A growing body of research suggests that status concerns vary depending on the gender of interested parties.
First, men tend to care more about status than women do. Using a university sponsored fundraising campaign, researchers Bruno S. Frey and Stephan Meier of the University of Zurich examined how social-comparison information affected contribution rates.
- Male students who learned that a high percentage of students had contributed to the campaign were more likely to make a contribution than were female students who received the same information.
In the context of negotiation, professors John Rizzo of Stony Brook University and Richard Zeckhauser of Harvard University asked a group of young physicians about their reference groups and salary aspirations.
- Male physicians compared themselves to reference groups that earned higher salaries than the ones female physicians selected.
- In addition, men’s salary reference points were more indicative than women’s of how much they earned later.
- Finally, women tend to compare themselves to particular individuals whom they know, while men tend to assess themselves according to information about typical behavior.
For this reason, when negotiating, consider offering different social comparison information to men and women. You might tell a male prospective hire that you’re offering him more than you’ll give others with his qualifications (assuming that is true).
When negotiating with a female prospect, you might be more specific:
“We recently interviewed someone similar to you, a Kellogg MBA with several years of consulting experience. To signal how much we want you to work for us, we’re offering you more than we offered her.”
You can download a complimentary copy of our special report, Negotiation Strategies for Women, right now! Our new special report -- Negotiation Strategies for Women – includes seminal articles from Negotiation Briefings: Why Women Sometimes Ask for Less, Women Negotiators and the Backlash Effect, The Sandberg Effect - Why Women Are Asking for More, Women Negotiators - Focus on Power and Status, and Women Rising - The Unseen Barriers. Simply click here and we will send you a download link to your copy of the report and notify you by email when we post new business negotiation advice and information on how to improve your dealmaking skills to our website.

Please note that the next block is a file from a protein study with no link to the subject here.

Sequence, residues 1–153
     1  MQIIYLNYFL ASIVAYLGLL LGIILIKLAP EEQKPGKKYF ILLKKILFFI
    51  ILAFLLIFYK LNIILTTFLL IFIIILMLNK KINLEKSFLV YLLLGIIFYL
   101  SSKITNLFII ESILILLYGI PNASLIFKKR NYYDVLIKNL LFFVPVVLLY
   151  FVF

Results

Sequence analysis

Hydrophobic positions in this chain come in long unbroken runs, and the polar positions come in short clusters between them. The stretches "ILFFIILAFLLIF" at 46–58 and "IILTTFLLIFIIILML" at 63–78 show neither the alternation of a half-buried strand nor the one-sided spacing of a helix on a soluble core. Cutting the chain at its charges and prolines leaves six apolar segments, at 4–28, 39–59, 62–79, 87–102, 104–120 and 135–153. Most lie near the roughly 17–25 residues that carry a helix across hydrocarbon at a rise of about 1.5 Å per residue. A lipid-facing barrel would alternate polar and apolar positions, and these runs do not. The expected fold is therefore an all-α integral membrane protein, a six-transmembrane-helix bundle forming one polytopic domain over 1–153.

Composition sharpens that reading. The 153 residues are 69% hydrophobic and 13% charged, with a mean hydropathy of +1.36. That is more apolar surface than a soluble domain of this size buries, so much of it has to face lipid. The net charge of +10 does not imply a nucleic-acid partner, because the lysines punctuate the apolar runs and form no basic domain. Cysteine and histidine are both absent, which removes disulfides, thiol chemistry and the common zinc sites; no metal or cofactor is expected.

New Car Negotiations: Are Women Better than Men?: A report from NPR Morning Edition’s Sonari Glinton reveals that women not only negotiate harder bargains than men when it comes to vehicle purchases, but also they prepare more for the negotiation (See also: Negotiating for What You Really Want). Educated female consumers are changing the way car dealerships negotiate a new car purchase and how new car manufacturers are marketing to them.
Overcoming Cultural Barriers in Negotiation: Here are some negotiation skills tips to help you prepare for your next international negotiation.
Negotiation Skills: Are You Really An Ethical Negotiator?: Ethics in negotiation and how one’s perception of ethical behavior affects her ability to spot unethical behavior on her own part.
Negotiators – Guard Against Ethical Lapses: “During the past several years, one scandalous story of unethical behavior after another has made headlines: Countrywide’s and AIG’s risky business practices, trader Bernard Madoff’s Ponzi scheme, and former Illinois governor Rod Blagojevich’s alleged attempt to sell a U.S. Senate seat. As instances of people behaving badly proliferate, some commentators have wondered if we are experiencing an epidemic of immorality.”
Honor Your Fellow Negotiator: “In negotiation, even minor instances of immoral behavior could damage your reputation and your organization’s as well. Few of us set out to behave badly. Yet when given an opportunity to cheat, many people will take it, researchers Lisa L. Shu, Max H. Bazerman and Francesca Gino of Harvard Business School found in recent research.”
Originally published March 2013.